There’s a production still showing Lynne Griffin on a stage surrounded by the corpses. Have you seen that still?
Michael MacLaverty: Yes. I vaguely remember the footage of it. I’m pretty sure Patti delivered the same monologue she does in the asylum scene (without the dead bodies). The thing with the alternate ending was that Alana Simpson couldn’t accept the fact that all these corpses were somehow dragged together and put on a stage somewhere. She felt it was just too improbable and was rather vocal at some point about the two slightly different endings. So they went with the asylum one. But they were both shot simultaneously.
Were those dummies used or the actual actresses?
Michael MacLaverty: My impression is that it was the real people.
When the snowmobile comes through the window, the original idea was for Michael Winner’s body to be on it, right?
Michael MacLaverty: The character had gone off on the snowmobile and sort of disappeared and somehow out of the blue, his body came crashing through the window. There was no real story about it and we dropped it. They filmed the scene where Stryker and Brooke are shot (by Samantha Eggar) and have fallen out of the second story window. I was looking at this sequence on the moviola and I slowed things down a bit. And it occurred to me that it looked like they had fallen down and rolled back into the house on the ground floor…which would allow for them to complete the motion and come crashing in and land on the couch. I cut it that way and I played it for my assistants and asked, “What do you think of this? Will this work?”
What did they say?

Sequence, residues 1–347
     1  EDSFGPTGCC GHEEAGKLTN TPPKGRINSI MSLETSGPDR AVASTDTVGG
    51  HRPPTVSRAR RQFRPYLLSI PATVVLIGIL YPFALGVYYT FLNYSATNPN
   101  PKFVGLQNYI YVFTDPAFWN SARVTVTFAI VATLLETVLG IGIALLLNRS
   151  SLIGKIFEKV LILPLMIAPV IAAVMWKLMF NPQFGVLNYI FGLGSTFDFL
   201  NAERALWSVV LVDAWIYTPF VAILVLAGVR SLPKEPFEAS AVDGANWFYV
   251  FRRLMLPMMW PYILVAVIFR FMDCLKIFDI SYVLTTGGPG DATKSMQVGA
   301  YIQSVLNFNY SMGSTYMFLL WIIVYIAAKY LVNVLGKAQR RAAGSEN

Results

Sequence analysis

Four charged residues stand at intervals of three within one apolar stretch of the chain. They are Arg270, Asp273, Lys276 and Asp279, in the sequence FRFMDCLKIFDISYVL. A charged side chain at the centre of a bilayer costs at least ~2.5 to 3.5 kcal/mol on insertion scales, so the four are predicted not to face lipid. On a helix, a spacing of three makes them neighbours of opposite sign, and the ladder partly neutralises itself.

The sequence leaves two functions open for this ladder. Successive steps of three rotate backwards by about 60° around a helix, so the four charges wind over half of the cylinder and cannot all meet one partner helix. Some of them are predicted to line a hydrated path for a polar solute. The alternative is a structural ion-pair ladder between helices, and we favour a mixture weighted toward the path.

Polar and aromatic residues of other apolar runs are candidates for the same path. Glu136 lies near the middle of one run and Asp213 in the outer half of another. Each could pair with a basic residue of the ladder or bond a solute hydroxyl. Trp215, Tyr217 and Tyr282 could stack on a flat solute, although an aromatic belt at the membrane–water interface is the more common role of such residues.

Michael MacLaverty: They said, “Well…aw, what the hell. It’s a horror movie. Anything will work.”
I called Peter. He was in the middle of shooting the prop house scene, and I asked him when he’d be back downtown so he could have a look at this stuff. He said he was really busy and that he would send someone down with a truck to bring a moviola out so we could run it for him. Which is what we did. I sat around half the day waiting for him and then finally he came along and had a look at it and said, “Yeah. Yeah! That’ll do it. We’ll get them back on the set and we’ll cut them on the couch.”
He liked your idea.
Michael MacLaverty: Yeah, he liked it. When I looked at the film again recently, I thought…oh, I’m not sure it really works. But what the hell.
So what would have been the snowmobile crashing through the window ended up being two bodies.
Michael MacLaverty: Correct. You don’t see that it’s a snowmobile in the final version. Currie sees the bodies and runs off into the prop house.
Simpson told us that prop house scene was difficult for him.
Michael MacLaverty: It was very tight quarters. It WAS an actual prop house in a very small studio. They stored things there for other productions. And when the studio was needed, they had to clear that stuff out and then put it all back again. A lot of the props you see onscreen were already there. So it was just a matter of trying to make a passageway for the characters to run through and jump out of. They spent about three days shooting in there. It was slow going, because they had to get the camera in and out of some very tight spaces. And I remember Peter was getting very frustrated. He didn’t like to sit around and wait. That’s not the kind of man he was. He wanted stuff to happen. He liked action, and he would be like, “C’mon, I’m ready! Let’s do it!”
The prop house sequence is great because of the chase and suspense of course, but also because of the editing. You see mannequins, drapes, fake doors, costumes, road signs, etc. All of those shots are you editing Simpson’s work into a montage of cuts, correct?
Michael MacLaverty: Yes, that’s me.